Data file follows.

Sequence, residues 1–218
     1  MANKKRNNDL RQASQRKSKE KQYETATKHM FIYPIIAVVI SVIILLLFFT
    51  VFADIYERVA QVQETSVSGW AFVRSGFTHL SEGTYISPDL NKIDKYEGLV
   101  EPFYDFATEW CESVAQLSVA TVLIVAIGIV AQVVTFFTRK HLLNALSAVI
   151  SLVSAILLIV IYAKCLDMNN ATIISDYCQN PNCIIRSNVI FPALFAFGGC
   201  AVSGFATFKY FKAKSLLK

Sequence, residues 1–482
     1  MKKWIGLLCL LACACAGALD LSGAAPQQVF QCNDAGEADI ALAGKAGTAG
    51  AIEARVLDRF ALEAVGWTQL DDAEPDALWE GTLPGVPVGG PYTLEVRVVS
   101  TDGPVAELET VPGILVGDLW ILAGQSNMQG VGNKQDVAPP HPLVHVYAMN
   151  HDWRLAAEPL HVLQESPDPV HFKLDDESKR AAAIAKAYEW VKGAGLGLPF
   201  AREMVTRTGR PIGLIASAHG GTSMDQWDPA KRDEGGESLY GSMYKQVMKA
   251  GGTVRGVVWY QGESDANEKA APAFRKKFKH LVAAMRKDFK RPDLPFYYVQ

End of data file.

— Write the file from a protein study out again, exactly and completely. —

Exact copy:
Sequence, residues 1–218
     1  MANKKRNNDL RQASQRKSKE KQYETATKHM FIYPIIAVVI SVIILLLFFT
    51  VFADIYERVA QVQETSVSGW AFVRSGFTHL SEGTYISPDL NKIDKYEGLV
   101  EPFYDFATEW CESVAQLSVA TVLIVAIGIV AQVVTFFTRK HLLNALSAVI
   151  SLVSAILLIV IYAKCLDMNN ATIISDYCQN PNCIIRSNVI FPALFAFGGC
   201  AVSGFATFKY FKAKSLLK

Sequence, residues 1–482
     1  MKKWIGLLCL LACACAGALD LSGAAPQQVF QCNDAGEADI ALAGKAGTAG
    51  AIEARVLDRF ALEAVGWTQL DDAEPDALWE GTLPGVPVGG PYTLEVRVVS
   101  TDGPVAELET VPGILVGDLW ILAGQSNMQG VGNKQDVAPP HPLVHVYAMN
   151  HDWRLAAEPL HVLQESPDPV HFKLDDESKR AAAIAKAYEW VKGAGLGLPF
   201  AREMVTRTGR PIGLIASAHG GTSMDQWDPA KRDEGGESLY GSMYKQVMKA
   251  GGTVRGVVWY QGESDANEKA APAFRKKFKH LVAAMRKDFK RPDLPFYYVQ